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The Day I Thought My Daughter Died

March 13, 2012

I was rebuilding a deck with Cheya when the phone rang.  It was my wife so I stepped away to take the call. ‘Hello,’ I said, all sultry-voiced. She was mad, and that should’ve been my first clue. But all I heard were her words.

‘I was on my way to preschool and there was an ambulance and all the neighbors were outside, and Oliver told me that Eva was inside dead.’ Oliver went to Meadowlark with our daughter. But Oliver was also the name of our next door neighbor.

I don’t remember what I hollered into the phone. Cheya said my face went catastrophic. I staggered against the truck, one hundred percent convinced that our daughter was dead. It was the worst fifteen seconds of my life.

Eva. AY-vuh, pronounced the Danish way after her great-grandmother.  The E is a long A, as in: DA-vid. Which was the name of our landlord, our other next-door neighbor. What Ann had actually said was, ‘…Oliver told me that David was inside dead.’

With shaking knees I verified that Eva was still alive. ‘Um, yeah, of course she’s alive,’ said Ann, who hadn’t had quite the same experience. She and David were both runners, and stout beer drinkers, and both of them had suffered career-shortening injuries – his much more recently. Ann was probably the last person to see or speak with him.

It didn’t take long to confirm that he’d taken his own life. We suspected it from the start. And while I can only guess at his reasons, I’ll tell you something strange. Three weeks before he’d almost died on a hike through the Olympic mountain range.

While crossing a steep boulder field David somehow upset a rock and got pinned beneath it. His hiking partner was far ahead and it took him a while to get back to help. By then David was almost out of energy from holding the rock back from crushing him. His friend managed to wedge himself in and allow David to tear his leg out – I saw the scars – and somehow he got out too. Then they had to trek for two days back to civilization and a hospital.

Maybe he felt that death had cheated him. Maybe his knee injury kept him from doing what he loved and life wasn’t worth living without it. Or maybe he was mentally ill, like one of the neighbors across the street intimated.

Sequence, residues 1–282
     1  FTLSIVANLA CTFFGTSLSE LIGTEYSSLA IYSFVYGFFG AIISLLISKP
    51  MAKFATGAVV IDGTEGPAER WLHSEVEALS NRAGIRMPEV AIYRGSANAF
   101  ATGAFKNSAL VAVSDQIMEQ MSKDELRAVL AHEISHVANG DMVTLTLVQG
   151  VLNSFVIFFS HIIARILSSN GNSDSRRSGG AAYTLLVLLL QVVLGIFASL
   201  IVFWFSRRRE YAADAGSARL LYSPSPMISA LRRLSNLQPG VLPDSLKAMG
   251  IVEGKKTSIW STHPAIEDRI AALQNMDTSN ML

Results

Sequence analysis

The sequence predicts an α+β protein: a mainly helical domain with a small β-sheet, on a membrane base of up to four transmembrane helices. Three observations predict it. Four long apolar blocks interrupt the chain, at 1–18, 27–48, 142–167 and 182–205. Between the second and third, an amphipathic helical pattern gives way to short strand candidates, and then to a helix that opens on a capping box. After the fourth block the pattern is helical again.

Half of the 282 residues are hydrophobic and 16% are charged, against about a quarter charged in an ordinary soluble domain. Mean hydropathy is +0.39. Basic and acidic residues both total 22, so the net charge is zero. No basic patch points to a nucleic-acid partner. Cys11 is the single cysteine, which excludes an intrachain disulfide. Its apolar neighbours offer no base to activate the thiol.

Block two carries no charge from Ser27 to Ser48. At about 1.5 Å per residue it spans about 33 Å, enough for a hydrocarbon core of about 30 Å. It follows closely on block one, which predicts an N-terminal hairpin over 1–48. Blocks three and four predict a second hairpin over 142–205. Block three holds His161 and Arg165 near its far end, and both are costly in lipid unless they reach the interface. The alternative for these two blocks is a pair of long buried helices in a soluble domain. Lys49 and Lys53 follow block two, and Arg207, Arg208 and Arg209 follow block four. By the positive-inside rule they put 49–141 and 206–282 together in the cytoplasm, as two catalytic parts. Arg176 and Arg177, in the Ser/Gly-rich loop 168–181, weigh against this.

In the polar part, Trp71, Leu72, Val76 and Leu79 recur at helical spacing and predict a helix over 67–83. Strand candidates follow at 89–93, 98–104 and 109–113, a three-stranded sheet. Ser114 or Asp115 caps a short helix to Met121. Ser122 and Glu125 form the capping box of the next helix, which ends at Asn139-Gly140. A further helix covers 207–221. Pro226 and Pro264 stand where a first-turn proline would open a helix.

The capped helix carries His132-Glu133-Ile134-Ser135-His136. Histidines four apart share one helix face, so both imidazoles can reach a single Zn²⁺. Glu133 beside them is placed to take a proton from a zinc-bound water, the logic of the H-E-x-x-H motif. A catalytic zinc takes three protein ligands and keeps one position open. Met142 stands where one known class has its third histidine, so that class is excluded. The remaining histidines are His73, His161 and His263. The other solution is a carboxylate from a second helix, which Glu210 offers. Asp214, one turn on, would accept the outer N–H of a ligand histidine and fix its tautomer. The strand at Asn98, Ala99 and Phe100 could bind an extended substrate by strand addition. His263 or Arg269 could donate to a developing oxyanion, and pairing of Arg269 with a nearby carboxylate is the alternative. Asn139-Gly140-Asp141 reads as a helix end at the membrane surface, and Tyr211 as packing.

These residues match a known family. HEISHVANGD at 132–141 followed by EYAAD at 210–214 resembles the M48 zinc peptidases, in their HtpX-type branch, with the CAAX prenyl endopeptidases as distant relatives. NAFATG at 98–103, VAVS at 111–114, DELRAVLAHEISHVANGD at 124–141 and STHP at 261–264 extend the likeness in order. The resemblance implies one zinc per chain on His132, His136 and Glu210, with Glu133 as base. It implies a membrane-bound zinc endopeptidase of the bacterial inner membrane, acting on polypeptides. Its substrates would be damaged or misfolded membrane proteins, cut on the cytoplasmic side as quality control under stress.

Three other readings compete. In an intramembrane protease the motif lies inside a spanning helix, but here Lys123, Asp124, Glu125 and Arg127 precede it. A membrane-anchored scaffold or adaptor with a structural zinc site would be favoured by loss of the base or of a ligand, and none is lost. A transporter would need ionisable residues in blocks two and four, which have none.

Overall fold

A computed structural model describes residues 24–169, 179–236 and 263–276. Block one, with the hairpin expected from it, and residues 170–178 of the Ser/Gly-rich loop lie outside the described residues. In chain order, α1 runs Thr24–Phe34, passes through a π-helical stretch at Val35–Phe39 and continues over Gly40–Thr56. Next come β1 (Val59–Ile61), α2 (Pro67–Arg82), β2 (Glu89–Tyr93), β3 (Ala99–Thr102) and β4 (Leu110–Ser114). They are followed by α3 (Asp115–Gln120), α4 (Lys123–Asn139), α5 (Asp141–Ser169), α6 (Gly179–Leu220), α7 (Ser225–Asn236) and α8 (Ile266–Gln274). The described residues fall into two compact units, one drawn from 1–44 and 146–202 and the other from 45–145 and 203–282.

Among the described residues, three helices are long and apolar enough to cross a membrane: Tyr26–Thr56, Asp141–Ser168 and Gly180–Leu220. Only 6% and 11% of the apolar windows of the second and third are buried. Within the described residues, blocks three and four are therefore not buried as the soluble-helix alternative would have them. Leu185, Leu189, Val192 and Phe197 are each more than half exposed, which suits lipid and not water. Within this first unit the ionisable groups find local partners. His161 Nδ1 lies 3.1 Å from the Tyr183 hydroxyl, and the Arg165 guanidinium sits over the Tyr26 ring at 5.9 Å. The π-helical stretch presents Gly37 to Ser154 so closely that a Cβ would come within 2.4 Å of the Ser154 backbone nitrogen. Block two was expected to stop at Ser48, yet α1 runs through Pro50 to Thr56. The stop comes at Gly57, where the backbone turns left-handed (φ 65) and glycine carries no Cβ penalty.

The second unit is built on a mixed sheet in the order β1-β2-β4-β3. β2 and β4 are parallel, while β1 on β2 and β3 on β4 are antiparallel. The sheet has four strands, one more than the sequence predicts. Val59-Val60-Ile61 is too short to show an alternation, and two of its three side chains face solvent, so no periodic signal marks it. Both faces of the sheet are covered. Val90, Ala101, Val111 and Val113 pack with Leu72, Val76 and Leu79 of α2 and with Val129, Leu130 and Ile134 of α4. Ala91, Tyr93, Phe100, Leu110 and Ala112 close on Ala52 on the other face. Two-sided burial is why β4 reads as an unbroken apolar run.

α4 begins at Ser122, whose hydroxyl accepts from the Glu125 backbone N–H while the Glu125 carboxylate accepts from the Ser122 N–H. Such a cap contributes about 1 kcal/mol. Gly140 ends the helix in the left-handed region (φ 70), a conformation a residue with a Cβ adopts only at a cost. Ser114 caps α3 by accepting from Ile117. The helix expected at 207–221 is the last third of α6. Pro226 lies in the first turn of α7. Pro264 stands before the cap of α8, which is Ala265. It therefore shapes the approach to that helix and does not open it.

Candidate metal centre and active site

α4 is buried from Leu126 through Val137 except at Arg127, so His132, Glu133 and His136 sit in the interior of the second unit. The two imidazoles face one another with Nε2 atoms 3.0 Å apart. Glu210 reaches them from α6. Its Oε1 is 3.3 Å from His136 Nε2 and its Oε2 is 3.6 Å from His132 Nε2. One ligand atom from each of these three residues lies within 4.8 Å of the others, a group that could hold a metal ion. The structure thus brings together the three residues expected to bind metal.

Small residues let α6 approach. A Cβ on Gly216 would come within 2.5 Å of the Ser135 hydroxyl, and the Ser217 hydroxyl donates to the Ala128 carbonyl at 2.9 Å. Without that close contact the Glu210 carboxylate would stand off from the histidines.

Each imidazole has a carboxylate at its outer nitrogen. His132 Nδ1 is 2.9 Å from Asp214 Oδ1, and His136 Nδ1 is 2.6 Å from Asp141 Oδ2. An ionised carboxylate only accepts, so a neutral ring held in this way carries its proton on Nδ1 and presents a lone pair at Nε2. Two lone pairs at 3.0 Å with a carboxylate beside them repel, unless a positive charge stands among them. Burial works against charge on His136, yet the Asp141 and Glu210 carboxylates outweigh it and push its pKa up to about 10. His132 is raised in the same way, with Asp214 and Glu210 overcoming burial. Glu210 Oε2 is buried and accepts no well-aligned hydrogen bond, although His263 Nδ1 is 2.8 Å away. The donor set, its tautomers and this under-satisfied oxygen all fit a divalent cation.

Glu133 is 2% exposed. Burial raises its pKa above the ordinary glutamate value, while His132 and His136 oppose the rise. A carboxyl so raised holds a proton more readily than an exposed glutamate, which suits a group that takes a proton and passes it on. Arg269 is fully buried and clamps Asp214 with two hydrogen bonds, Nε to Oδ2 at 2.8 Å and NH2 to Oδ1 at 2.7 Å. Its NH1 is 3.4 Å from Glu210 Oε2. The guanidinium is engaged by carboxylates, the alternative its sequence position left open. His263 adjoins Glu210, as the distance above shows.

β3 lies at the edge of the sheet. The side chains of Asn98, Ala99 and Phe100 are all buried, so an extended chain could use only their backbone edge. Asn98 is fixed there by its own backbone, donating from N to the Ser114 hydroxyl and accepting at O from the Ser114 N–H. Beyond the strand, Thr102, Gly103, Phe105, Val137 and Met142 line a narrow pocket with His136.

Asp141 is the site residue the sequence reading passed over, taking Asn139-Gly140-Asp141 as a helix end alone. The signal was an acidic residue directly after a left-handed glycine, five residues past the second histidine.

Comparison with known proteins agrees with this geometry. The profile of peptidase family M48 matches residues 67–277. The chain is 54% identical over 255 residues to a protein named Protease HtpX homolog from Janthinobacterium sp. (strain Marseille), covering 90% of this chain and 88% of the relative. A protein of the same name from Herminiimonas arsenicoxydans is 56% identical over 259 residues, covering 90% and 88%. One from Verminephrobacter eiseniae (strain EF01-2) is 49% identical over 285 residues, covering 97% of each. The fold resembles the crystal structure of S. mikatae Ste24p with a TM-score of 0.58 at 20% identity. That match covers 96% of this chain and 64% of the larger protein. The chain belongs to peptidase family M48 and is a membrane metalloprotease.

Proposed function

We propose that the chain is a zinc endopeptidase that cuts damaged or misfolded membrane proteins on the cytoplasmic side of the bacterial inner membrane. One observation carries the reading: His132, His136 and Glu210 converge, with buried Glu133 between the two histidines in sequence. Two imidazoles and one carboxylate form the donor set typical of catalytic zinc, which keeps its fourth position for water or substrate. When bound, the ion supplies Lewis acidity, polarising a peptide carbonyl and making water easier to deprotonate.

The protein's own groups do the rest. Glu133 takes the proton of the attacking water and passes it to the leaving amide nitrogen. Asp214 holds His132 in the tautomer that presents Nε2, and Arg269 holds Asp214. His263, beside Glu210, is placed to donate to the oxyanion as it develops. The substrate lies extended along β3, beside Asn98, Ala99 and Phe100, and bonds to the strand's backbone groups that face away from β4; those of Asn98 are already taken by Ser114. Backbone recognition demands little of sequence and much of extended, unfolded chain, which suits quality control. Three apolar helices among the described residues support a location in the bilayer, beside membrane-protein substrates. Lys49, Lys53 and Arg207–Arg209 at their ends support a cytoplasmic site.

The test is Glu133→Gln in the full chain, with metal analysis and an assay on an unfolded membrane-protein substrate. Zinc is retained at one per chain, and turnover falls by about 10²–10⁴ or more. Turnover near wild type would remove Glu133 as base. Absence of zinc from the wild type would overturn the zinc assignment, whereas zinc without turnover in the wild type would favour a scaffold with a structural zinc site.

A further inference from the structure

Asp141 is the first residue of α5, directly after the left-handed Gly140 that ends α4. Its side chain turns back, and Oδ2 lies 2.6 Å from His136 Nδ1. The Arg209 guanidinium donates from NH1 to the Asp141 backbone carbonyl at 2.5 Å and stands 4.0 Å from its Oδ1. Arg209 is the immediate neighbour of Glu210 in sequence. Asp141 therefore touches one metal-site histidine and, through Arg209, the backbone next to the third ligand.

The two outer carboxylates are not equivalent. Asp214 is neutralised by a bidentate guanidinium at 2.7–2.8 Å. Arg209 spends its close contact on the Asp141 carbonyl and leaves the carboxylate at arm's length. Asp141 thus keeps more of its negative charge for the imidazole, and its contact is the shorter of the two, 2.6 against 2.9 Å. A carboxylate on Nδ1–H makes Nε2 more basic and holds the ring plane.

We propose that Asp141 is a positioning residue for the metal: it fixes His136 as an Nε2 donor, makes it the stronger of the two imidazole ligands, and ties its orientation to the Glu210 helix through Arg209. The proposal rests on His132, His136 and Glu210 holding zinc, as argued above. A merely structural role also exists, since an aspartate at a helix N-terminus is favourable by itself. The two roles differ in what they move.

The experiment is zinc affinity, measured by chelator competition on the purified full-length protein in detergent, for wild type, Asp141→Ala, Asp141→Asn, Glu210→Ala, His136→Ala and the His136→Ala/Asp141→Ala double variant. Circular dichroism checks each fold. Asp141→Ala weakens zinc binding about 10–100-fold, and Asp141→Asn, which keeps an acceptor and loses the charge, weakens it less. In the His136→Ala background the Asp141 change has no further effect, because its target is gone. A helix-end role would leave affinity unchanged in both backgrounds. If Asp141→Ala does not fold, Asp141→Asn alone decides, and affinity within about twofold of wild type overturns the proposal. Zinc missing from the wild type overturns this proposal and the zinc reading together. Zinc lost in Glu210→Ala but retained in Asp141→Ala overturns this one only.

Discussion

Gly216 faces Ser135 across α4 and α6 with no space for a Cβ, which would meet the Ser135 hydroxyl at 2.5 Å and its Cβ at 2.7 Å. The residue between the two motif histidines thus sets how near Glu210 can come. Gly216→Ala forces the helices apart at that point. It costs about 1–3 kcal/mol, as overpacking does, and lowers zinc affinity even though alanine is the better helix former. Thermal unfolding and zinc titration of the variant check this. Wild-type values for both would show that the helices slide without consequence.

I know eight people who’ve committed suicide, and I can’t believe they were all mentally ill. If they have one thing in common it’s that their deaths have affected the people they’ve left behind.

‘And memories come down and me once again / am caught without an umbrella’ –Michael Franti

David’s family was unprepared for the news. They lived in Montana, and Seattle, and it was weeks before anyone came to town. Then they only stayed for a day and never introduced themselves. Later a lawyer called and apologized; they were too grief-stricken to deal with anything. He was going to arrange an estate sale and hire a realtor to sell David’s two houses.

The estate sale happened on Black Friday. At five o’clock in the morning on the day after Thanksgiving people were rooting through his trash bins. By seven o’clock, when the sale actually started, over a hundred people were crowding his lawn and spilling onto the sidewalk. People came out of his house with trophies, with stacks of marathon numbers, and bottles of olive oil. It was a fucking madhouse. Someone backed into my truck and tried to drive away.

Then the realtor listed Ann’s phone number as the agent contact on the house listing! She was already stressed and upset about David’s death and the impending move when her phone started buzzing with pushy agents trying to get private showings at a minute’s notice.

It was nice to have someone to yell at. I took out a lot of frustration at that realtor, and I think she deserved it. But in truth much of that frustration was intended for David.

Now people have their reasons and I respect that. This isn’t turning into a litany against suicide. But it might be a good reminder – a hint perhaps – of how closely we’re all connected. And I wouldn’t mind suggesting that if you’re going to take your life, maybe you shouldn’t rent your house next door (which has been sitting empty for a year) to a young self-employed couple – who’ve just gotten back together after a year and a half apart – with a four year old, because they’re going to have to move out during Christmas and it’s going to be expensive and really really suck.

But I’ll tell you what: I got through it all from this perspective: my daughter isn’t dead. Those terrible fifteen seconds allowed me to take David’s decision and the consequences it bore on us with a grain of salt. And two years later, a strange karma occurred. Not long after moving into this Little House – our third place since leaving David’s – we found out that its past owner took his life as well.

I would like to think we’re treating this home with the respect it deserves, the way its former owner would have liked to treat it. I never knew him and don’t know his story. But then who ever knows someone else’s story? All we’re left with are memories, broken hearts and broken lawnmowers. I think it’s okay to mourn our lost ones, get really mad at them from time to time, and still love them afterwards. RIP


From → Rants

  1. Secret Admirer permalink

    The broken lawnmower is perfect at the end — so familiar, so poignant, so funny. Thanks for that!

  2. Prana permalink

    Wow. I once had a grieving teenage boy and his friends (our boys) recieve the news of a father’s suicide right on my front lawn. Intense.

    But your title is the most striking thing about the story. And is Ann, like David was, a runner and stout beer drinker? Or did I miss something in the pronouns?

    I really enjoy your writing! Aloha, Prana.

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